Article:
The application must concern a Convention issue

The Court’s jurisdiction extends only to applications relating to the rights and freedoms contained in the Convention and the Protocols that the Member State in question has ratified.

Exhaustion of domestic remedies

The ECtHR has consistently held that it ‘may only deal with the matter after all domestic remedies have been exhausted’.

This rule is applied strictly in practice. It applies only to the remedies that are available, sufficient, and which relate to the breaches alleged. In considering the nature of the remedy, the Court takes into account ‘the principles of flexibility and avoidance of undue formalism developed in its case-law on Article 35, in particular that it is sufficient if the applicant has raised the substance of his Convention application before the domestic authorities’. If a potential applicant to the Court is in doubt as to whether alternative remedies have been exhausted, it is usually sensible for the remedy to be pursued, though a ‘protective’ application to the ECtHR could be lodged simultaneously to avoid falling foul of the four-month time limit should the Court subsequently decide that the remedy was not effective and did not need to be pursued.

Four-month time limit

Once Protocol 15 is in force (later in 2015?), applications to the ECtHR must be made within four months of the final decision of the domestic proceedings (or the date that
the victim was informed about the final decision) or, where there are no effective domestic remedies, of the violation of the Convention. This is a reduction from the previous six-month limit. There is very little flexibility for cases brought outside this time limit, though lack of knowledge of the violation may make a later application possible.

Other inadmissibility grounds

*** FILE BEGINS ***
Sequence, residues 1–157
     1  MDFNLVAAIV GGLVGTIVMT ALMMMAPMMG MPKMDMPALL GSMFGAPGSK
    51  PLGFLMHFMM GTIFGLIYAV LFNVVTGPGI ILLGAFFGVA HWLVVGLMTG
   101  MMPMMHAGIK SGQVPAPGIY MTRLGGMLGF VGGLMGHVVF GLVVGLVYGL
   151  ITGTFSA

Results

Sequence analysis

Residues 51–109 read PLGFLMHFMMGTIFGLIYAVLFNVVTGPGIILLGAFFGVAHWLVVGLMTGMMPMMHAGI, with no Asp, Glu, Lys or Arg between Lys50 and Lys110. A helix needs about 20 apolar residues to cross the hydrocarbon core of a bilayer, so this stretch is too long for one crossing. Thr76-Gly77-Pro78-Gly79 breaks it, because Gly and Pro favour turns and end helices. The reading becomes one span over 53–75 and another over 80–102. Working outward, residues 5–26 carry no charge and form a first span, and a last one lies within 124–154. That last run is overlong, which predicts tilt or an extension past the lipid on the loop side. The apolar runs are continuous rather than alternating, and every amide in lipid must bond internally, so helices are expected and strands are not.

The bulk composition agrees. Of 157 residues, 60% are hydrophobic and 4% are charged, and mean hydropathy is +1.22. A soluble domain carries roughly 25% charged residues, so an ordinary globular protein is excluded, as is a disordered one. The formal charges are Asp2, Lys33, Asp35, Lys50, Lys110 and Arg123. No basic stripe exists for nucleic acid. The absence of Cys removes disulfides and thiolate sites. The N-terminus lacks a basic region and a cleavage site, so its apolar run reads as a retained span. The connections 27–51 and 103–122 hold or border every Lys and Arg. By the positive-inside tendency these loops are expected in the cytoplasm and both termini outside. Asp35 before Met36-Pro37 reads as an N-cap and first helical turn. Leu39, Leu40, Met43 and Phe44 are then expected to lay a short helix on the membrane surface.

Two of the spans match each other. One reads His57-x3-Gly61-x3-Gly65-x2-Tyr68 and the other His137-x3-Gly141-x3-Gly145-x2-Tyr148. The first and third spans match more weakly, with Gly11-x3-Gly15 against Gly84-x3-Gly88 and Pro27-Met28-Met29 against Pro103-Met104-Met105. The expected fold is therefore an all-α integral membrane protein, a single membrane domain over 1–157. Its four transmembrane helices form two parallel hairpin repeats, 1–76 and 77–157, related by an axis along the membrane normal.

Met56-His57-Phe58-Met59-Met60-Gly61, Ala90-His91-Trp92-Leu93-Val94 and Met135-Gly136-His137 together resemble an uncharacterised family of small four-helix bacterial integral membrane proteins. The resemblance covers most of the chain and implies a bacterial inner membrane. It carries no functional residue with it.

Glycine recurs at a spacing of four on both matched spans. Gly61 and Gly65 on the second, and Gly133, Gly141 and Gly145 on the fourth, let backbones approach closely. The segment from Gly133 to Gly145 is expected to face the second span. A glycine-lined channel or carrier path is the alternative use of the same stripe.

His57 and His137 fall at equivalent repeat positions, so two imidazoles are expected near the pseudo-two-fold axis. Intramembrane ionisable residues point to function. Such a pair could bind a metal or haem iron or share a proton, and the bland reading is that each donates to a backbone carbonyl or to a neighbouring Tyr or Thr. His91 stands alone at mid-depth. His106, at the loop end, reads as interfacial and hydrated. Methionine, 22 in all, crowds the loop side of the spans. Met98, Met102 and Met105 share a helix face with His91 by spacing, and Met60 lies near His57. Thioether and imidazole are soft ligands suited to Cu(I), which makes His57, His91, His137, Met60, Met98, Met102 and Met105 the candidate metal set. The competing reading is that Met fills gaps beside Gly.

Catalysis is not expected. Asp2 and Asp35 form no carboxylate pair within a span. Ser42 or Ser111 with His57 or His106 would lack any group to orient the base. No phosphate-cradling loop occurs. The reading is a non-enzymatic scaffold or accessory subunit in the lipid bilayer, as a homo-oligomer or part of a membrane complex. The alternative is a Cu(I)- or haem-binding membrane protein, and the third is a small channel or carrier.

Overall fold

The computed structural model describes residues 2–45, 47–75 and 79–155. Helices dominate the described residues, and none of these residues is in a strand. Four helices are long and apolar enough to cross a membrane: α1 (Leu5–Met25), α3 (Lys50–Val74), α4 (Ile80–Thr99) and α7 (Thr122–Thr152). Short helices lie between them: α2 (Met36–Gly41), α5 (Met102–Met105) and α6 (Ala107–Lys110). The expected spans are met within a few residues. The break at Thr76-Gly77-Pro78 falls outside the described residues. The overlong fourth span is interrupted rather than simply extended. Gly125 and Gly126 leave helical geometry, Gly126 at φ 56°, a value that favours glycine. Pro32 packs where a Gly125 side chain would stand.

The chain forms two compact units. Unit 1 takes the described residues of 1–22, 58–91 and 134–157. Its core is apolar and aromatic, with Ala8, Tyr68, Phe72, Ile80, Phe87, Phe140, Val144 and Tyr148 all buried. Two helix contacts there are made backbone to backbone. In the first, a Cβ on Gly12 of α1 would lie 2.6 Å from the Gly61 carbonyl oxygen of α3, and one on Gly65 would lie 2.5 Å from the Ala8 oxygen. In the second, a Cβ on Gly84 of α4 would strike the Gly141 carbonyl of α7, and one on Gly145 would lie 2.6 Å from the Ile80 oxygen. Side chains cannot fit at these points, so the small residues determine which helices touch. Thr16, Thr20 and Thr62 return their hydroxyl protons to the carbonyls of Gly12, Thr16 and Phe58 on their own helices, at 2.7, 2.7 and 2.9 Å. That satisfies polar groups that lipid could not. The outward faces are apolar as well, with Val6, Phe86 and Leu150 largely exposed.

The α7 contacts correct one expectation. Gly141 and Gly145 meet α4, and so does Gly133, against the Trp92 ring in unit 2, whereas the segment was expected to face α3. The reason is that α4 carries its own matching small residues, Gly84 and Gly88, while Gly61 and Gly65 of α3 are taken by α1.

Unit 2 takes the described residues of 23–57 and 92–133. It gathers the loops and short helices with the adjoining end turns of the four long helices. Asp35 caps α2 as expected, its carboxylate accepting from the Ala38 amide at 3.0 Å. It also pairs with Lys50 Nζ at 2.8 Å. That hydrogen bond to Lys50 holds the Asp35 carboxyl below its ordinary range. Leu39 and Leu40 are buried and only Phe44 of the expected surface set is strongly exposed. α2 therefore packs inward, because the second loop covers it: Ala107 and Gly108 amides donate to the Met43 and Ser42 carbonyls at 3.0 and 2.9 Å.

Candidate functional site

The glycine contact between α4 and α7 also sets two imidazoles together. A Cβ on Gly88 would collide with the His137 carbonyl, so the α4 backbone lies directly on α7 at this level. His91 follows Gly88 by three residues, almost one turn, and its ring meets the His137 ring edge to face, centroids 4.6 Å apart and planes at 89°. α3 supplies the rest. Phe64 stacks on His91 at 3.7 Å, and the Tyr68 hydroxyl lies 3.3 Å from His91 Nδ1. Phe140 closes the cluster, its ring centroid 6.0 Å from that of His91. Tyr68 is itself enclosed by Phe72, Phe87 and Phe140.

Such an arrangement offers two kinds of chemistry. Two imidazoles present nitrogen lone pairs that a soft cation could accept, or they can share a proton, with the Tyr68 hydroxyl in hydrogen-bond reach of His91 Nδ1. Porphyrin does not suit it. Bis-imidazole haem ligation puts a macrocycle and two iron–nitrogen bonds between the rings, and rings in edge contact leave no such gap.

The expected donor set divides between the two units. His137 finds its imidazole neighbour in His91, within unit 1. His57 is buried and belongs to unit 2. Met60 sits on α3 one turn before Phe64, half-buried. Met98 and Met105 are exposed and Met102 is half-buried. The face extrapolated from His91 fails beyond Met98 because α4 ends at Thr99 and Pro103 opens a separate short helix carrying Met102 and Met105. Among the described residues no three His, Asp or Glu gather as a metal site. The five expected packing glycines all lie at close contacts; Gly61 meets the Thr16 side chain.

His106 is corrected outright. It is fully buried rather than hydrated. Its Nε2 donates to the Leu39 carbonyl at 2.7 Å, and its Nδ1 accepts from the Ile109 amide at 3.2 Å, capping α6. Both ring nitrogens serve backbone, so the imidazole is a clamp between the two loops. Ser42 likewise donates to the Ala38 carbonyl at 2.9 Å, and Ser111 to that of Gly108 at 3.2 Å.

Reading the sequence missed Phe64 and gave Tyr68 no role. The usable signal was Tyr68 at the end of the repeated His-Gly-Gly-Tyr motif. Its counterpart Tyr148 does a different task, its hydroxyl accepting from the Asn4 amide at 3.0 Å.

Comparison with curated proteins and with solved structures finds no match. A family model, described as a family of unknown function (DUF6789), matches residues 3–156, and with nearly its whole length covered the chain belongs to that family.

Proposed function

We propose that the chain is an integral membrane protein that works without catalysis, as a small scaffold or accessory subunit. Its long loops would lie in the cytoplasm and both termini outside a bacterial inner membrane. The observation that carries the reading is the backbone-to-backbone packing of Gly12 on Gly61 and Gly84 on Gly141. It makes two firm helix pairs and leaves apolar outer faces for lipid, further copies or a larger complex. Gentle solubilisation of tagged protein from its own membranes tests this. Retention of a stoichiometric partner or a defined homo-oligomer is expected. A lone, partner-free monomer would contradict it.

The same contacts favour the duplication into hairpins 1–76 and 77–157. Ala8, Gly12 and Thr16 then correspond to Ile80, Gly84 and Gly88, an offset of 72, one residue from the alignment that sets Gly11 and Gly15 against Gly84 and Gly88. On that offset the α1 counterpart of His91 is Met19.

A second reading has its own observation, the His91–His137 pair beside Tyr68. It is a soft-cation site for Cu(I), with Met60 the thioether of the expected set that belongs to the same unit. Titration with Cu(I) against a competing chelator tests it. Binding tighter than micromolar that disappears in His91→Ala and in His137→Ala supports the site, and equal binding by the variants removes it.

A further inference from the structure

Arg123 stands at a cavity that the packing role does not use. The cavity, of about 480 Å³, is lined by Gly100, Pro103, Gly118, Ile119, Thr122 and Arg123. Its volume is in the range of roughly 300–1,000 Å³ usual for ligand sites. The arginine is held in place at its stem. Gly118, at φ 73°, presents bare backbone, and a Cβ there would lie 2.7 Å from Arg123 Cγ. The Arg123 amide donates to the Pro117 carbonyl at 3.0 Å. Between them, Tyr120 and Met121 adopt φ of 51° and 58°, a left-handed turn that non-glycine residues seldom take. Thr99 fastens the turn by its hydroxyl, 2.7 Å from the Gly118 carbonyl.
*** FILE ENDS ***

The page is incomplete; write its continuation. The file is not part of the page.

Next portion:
Under Article 35(2) and (3), the Court may declare an application inadmissible on 
further grounds, which are dealt with in turn below.

(a) Anonymity

Anonymous applications are inadmissible; although the complainant may request 
on the application form that he or she wishes his or her identity to be kept confidential (apart from disclosure to the Member State itself).

(b) Petition is ‘substantially the same as’ previous applications

This restriction prevents successive applications by the same applicant in respect of 
the same facts, and is not interpreted by the Court to restrict applications in respect of different instances even if the issues are substantially the same. Similarly, the provision does not act to bar a second application where new facts have arisen since the first application.

(c) Examination by another international body

If the matter has already been submitted to, and dealt with by, some other inter- 
national procedure and contains no new information, it will be inadmissible.

(d) Incompatible with the provisions of the Convention

This ground covers applications which do not concern the rights and freedoms protected by the Convention, as well as situations in which the applicant is not within the jurisdiction of a Member State, or where the application is not directed against the state at all.